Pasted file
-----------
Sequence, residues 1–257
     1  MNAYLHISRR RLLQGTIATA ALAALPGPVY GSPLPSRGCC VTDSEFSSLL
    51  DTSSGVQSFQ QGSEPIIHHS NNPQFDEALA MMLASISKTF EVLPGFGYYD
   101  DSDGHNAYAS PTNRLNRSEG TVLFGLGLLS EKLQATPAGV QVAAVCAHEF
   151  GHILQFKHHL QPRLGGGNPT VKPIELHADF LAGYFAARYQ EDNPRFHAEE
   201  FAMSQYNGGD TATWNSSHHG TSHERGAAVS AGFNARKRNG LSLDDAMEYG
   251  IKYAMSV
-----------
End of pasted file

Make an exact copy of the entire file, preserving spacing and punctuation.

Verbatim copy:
Sequence, residues 1–257
     1  MNAYLHISRR RLLQGTIATA ALAALPGPVY GSPLPSRGCC VTDSEFSSLL
    51  DTSSGVQSFQ QGSEPIIHHS NNPQFDEALA MMLASISKTF EVLPGFGYYD
   101  DSDGHNAYAS PTNRLNRSEG TVLFGLGLLS EKLQATPAGV QVAAVCAHEF
   151  GHILQFKHHL QPRLGGGNPT VKPIELHADF LAGYFAARYQ EDNPRFHAEE
   201  FAMSQYNGGD TATWNSSHHG TSHERGAAVS AGFNARKRNG LSLDDAMEYG
   251  IKYAMSV